A Role for Gic1 and Gic2 in Promoting Cdc42 Polarization
The Rho GTPase Cdc42 is a master regulator of cell polarity that orchestrates reorganization of the cytoskeleton. During polarity establishment, active GTP-Cdc42 accumulates at a part of the cell cortex that becomes the front of the cell. Localized GTP-Cdc42 orients the cytoskeleton through a set of “effector” proteins that bind specifically to GTP-Cdc42 and not GDP-Cdc42. A family of Cdc42 effectors, called GICs in yeast and BORGs in mammals, have been implicated in regulation of both the actin cytoskeleton and the septin cytoskeleton. Yeast cells lacking both Gic1 and Gic2 are able to polarize and grow at low temperatures, but many mutant cells fail to polarize the cytoskeleton at high temperature. This led to the conclusion that GICs communicate between Cdc42 and different cytoskeletal elements.
To better characterize the role of GIC proteins in yeast, we utilized time-lapse fluorescent microscopy to examine morphogenetic events in living single cells. Surprisingly, we found that not only the cytoskeleton but also Cdc42 itself failed to polarize in many gic1 gic2 mutant cells at high temperature. This observation indicates that GICs may act upstream of polarization rather than downstream.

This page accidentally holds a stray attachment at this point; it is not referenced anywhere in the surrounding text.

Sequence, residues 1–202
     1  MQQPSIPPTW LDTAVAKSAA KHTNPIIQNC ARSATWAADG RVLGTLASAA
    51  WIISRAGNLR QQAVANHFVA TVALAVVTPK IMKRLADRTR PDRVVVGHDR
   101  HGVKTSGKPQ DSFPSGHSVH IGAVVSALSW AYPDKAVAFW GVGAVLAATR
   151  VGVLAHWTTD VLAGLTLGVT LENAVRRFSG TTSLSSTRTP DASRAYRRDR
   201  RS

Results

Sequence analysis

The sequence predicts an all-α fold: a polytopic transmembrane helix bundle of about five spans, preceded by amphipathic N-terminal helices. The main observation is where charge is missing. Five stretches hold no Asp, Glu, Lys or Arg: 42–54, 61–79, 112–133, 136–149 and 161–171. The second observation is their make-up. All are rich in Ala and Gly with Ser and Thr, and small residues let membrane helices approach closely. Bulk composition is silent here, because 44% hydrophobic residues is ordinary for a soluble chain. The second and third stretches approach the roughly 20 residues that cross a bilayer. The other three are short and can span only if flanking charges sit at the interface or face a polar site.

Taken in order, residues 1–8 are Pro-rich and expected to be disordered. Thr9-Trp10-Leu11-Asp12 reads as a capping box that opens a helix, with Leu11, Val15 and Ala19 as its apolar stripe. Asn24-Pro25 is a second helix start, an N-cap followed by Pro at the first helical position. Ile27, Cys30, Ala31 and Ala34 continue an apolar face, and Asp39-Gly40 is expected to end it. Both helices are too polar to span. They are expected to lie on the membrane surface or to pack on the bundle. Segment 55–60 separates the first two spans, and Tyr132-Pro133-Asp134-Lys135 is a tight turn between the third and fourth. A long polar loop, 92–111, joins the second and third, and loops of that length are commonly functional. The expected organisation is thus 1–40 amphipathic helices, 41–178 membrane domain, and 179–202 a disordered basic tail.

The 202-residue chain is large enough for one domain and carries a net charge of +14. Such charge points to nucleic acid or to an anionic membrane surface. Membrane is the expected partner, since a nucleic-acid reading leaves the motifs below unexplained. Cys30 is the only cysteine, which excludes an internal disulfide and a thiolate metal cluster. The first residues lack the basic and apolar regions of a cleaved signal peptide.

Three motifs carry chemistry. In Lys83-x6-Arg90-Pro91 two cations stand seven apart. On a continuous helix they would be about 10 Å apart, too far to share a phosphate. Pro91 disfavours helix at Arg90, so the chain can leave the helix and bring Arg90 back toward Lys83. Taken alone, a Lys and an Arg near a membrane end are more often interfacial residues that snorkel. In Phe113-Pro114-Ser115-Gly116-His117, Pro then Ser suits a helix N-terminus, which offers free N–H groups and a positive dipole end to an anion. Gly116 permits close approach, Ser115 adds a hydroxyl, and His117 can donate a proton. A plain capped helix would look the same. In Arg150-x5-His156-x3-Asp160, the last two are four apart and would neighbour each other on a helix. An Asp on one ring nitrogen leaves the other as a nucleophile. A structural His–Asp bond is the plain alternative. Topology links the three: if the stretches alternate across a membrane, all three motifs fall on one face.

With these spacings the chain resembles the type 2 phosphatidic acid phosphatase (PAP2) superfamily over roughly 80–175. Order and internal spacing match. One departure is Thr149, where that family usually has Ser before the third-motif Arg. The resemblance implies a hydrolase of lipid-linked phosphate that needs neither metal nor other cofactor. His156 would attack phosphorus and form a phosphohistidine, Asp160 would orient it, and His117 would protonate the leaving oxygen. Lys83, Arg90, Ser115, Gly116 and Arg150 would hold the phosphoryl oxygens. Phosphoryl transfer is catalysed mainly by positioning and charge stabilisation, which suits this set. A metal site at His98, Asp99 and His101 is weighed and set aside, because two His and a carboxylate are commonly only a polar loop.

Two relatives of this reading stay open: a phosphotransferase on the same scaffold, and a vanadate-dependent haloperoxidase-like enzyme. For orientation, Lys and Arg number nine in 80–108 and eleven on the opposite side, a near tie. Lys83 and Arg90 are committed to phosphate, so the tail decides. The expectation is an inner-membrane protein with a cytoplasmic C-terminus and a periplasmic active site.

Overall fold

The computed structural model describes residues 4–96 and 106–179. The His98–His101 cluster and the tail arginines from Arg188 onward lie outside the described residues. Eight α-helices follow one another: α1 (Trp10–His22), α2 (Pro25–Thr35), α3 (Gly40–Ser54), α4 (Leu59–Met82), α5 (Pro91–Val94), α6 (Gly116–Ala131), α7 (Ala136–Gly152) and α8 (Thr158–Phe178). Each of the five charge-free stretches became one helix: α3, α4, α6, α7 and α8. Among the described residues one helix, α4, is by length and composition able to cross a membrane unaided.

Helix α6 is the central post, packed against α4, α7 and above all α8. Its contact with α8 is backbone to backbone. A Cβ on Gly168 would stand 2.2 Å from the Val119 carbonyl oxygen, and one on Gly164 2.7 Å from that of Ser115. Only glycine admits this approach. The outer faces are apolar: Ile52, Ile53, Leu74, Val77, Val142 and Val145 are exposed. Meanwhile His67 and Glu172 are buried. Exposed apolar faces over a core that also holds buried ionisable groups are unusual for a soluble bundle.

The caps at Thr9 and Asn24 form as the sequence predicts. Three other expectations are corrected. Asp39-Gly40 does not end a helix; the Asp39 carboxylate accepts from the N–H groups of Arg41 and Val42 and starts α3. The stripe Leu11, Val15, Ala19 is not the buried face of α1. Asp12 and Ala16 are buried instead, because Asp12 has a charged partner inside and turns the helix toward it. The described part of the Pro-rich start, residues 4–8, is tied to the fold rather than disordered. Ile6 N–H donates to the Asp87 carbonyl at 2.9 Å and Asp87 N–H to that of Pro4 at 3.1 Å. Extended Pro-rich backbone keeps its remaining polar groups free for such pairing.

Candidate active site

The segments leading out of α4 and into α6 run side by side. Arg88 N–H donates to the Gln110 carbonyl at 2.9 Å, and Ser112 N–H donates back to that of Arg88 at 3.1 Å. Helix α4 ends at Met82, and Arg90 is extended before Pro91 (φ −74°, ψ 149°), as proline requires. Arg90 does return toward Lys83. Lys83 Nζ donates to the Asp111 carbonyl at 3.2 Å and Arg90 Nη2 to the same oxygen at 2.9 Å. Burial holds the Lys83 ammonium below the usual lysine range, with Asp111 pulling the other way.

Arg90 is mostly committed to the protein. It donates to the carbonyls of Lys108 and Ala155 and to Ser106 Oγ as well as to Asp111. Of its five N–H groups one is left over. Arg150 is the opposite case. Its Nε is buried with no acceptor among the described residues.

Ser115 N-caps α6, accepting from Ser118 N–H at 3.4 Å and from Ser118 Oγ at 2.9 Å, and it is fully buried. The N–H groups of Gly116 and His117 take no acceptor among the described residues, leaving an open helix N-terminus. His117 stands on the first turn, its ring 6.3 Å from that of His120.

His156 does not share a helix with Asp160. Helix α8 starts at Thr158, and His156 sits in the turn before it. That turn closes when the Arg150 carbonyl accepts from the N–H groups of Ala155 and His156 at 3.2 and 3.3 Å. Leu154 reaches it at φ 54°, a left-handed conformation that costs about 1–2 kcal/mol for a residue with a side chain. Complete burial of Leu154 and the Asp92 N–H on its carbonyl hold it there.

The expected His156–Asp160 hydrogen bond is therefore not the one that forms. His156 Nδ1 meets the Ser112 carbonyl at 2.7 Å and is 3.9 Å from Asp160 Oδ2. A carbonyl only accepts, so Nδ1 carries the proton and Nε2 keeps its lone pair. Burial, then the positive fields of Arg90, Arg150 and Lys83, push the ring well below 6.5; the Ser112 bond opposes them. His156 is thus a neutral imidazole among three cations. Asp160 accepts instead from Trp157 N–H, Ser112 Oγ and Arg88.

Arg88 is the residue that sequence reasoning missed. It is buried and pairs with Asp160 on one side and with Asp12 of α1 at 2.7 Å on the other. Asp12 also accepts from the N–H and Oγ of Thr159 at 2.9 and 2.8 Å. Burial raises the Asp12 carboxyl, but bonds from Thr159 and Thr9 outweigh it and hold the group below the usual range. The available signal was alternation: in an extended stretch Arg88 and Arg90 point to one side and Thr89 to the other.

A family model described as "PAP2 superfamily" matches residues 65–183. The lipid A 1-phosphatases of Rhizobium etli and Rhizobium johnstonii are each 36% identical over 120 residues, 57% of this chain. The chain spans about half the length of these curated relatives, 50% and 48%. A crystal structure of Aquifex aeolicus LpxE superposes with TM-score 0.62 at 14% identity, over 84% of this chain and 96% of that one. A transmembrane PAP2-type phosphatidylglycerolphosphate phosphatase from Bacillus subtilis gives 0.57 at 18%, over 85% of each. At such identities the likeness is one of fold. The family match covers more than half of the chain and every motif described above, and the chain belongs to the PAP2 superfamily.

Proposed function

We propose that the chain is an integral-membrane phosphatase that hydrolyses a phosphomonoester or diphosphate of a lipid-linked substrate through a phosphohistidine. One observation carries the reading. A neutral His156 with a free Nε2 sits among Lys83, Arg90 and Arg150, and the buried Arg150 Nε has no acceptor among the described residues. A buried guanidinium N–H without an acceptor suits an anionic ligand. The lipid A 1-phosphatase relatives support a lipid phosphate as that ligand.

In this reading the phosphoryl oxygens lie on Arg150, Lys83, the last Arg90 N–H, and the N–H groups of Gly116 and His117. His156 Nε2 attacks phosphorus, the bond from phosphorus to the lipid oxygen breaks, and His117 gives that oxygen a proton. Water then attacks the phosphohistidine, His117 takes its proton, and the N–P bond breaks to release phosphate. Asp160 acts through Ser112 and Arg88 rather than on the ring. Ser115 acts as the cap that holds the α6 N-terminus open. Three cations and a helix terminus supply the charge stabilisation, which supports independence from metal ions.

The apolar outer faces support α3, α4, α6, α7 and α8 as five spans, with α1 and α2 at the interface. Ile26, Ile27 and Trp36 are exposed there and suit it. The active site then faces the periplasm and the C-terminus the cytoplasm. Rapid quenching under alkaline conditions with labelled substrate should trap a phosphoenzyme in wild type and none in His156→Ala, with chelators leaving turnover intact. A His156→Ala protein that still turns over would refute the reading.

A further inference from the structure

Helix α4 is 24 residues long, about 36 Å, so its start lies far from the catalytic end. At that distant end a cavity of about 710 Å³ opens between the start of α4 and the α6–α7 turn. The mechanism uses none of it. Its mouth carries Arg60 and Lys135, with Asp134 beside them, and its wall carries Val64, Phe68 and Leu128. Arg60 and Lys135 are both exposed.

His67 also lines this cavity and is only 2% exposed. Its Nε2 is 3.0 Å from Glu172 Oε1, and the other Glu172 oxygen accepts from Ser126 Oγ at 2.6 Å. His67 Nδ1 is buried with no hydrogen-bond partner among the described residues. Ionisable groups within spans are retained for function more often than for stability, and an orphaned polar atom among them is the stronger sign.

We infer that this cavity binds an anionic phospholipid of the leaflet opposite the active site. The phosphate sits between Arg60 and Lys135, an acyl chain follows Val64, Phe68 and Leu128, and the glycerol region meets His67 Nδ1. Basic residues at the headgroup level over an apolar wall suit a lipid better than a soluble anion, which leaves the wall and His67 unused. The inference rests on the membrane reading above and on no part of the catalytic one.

Polarization of Cdc42 is triggered by cell-cycle progression, and in particular by G1 Cyclin-dependent kinase (CDK) activity. Using a live-cell reporter for G1 CDK activation, we found that cells lacking GICs were not defective in CDK activation, but showed a specific defect in polarization downstream of the CDK. Previous work had implicated the scaffold protein Bem1 in a positive feedback loop important for polarization. Cells lacking GICs failed to polarize Bem1 as well as Cdc42 at high temperature. Future work will be directed at understanding how GICs contribute to polarity establishment. Because many of the mechanisms and proteins involved in polarization are highly conserved, we anticipate our findings will help inform how this process regulated in higher eukaryotes.
This work is licensed under a Creative Commons Attribution-Noncommercial-No Derivative Works 3.0 United States License.
Rights for Collection: Duke Dissertations
Works are deposited here by their authors, and represent their research and opinions, not that of Duke University. Some materials and descriptions may include offensive content. More info